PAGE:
Daughter of the Empire

Daughter of the Empire

I read the Riftwar saga by Raymond E. Feist last year. This year, William lent me three related books (oddly enough, there isn't a name for this trilogy), co-authored by Feist and Janny Wurts, that set out "an epic saga of the world on the other side of the Riftwar". The former was about the world of Midkemia while the latter was about the world of Kelewan.

So far, the only common character between Riftwar saga and the first book of the latter series, Daughter of the Empire, was Lord of Shinzawai's second son but he was mentioned briefly a few times in the passing in the latter and thus didn't have any impact on the story of the book. It sounded like he, or at least his House, may play a larger role in the latter two books.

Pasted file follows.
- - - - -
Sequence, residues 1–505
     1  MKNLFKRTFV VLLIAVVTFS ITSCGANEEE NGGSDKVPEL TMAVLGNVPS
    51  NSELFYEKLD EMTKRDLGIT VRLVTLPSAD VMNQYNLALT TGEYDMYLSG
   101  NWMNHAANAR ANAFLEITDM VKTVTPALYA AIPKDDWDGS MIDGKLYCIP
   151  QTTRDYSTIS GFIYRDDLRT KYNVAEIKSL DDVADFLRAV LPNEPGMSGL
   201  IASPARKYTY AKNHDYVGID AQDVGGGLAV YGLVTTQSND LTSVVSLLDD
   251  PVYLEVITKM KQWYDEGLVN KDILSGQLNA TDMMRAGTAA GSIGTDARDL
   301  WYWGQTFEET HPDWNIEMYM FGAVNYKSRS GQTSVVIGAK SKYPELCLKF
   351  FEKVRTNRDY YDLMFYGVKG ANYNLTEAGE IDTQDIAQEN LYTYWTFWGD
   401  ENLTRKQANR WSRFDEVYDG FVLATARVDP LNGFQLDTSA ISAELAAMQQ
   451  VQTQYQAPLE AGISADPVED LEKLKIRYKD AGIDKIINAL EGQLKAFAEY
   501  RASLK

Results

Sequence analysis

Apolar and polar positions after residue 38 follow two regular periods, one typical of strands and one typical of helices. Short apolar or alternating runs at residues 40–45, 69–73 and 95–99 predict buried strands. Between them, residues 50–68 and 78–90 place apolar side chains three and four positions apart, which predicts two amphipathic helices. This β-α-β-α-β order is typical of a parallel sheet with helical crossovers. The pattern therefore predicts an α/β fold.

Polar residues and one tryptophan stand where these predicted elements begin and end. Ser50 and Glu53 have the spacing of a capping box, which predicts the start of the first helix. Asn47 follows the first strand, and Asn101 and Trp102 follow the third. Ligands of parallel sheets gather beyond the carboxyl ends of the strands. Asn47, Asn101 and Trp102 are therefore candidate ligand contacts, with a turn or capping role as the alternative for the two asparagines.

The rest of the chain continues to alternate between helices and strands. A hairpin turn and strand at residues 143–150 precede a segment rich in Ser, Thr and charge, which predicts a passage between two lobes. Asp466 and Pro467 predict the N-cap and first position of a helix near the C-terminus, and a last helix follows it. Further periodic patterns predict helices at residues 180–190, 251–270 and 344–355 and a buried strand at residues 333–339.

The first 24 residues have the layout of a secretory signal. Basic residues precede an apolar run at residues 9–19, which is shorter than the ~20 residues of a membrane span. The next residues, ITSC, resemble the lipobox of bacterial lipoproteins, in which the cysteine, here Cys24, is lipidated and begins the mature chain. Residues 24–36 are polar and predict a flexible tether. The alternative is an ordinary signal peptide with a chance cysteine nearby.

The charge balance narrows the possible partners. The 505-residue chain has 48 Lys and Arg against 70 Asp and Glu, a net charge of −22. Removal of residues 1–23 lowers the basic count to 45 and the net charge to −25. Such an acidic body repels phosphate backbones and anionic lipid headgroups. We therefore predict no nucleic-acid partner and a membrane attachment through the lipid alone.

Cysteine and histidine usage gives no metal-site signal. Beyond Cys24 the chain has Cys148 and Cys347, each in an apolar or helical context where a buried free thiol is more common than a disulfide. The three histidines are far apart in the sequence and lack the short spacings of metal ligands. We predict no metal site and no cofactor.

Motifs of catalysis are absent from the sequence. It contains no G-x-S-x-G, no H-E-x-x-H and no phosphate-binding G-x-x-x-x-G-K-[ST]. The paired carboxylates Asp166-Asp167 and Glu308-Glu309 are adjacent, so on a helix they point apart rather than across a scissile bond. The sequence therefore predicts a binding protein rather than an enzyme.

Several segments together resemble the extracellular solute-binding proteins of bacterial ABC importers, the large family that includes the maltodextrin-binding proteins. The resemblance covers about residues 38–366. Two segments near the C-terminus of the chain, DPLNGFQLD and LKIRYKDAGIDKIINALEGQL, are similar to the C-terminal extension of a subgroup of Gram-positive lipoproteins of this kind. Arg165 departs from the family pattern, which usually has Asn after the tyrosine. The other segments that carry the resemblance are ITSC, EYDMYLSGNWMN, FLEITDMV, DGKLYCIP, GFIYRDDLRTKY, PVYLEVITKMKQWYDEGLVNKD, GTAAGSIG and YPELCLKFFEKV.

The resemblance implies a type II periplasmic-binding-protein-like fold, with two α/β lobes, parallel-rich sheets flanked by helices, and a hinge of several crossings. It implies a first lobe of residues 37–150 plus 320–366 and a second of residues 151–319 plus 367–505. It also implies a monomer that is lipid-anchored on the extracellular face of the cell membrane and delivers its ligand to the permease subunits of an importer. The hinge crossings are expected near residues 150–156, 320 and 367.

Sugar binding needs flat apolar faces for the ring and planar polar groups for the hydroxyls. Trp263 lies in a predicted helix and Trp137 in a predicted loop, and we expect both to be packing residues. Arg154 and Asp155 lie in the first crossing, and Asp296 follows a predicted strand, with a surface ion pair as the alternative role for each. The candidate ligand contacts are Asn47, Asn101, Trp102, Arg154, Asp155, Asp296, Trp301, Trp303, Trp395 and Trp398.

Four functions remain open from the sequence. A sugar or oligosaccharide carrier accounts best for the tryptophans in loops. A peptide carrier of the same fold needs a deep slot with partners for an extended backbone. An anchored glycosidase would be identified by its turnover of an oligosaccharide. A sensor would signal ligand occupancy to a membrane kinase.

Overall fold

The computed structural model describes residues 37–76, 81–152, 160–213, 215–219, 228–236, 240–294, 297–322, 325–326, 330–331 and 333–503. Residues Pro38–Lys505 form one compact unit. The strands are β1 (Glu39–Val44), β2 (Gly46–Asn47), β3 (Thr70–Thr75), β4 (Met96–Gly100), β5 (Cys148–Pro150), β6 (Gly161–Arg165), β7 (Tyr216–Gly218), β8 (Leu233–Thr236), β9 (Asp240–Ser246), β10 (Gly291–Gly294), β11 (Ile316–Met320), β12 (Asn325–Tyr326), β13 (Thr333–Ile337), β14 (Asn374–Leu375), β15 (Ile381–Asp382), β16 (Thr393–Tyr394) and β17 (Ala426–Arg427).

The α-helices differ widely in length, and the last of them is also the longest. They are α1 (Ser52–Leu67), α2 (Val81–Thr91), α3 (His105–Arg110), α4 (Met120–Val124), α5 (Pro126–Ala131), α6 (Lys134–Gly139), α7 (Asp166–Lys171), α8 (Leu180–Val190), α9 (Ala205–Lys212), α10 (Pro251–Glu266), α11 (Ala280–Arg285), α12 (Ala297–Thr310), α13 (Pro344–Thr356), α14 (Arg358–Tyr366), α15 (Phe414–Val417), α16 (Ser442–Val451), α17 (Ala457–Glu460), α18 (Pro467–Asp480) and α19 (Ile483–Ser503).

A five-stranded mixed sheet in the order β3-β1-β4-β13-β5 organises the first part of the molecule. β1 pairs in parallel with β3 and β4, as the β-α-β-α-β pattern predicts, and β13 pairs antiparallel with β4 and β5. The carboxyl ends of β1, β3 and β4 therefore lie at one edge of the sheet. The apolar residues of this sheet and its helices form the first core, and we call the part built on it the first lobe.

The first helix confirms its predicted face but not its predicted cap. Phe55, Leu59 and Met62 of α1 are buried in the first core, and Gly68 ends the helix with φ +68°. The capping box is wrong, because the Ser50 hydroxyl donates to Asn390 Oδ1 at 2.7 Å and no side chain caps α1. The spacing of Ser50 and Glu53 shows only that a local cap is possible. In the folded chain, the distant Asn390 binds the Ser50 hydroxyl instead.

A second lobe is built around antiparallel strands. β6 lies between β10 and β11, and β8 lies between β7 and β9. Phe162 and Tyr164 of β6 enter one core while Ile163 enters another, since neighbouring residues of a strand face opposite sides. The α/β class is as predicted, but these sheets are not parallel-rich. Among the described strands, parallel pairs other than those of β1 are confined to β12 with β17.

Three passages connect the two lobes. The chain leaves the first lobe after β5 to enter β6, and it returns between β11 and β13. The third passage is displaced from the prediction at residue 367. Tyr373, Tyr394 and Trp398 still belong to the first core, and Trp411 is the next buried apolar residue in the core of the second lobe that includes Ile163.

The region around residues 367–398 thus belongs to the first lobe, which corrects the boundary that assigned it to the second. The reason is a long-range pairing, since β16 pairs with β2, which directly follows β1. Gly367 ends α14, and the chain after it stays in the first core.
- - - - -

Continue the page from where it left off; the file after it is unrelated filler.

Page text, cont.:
I enjoyed reading this book. It was more about political intrigue than combats. Not complicated though. There were combats but few. However, what struck me as quite unbelievable was this:

The main character, Mara, had never been groomed to be the Ruling Lady of her house but was forced to be so at a tender age of 16 after the simultaneous death of her father and her brother. As expected, she made an error of judgement at the start of her rule by not listening to advisors who had served her father for many years.

However, after that one sole brief episode of weakness, suddenly she became an expert in the trappings of a ruler to the extent that once a while she even held back from discussing her plans with her advisors and she did it quite early during her rule (definitely within the first year after taking over the helm).

Either she was a natural genius at this or there is simply something wrong about this leap of improvement.

2 Responses
  1. Anonymous Says:

    seems interesting ...

  2. William Says:

    My ratty book! Haha. Don't think too much la. Think of it as super powers.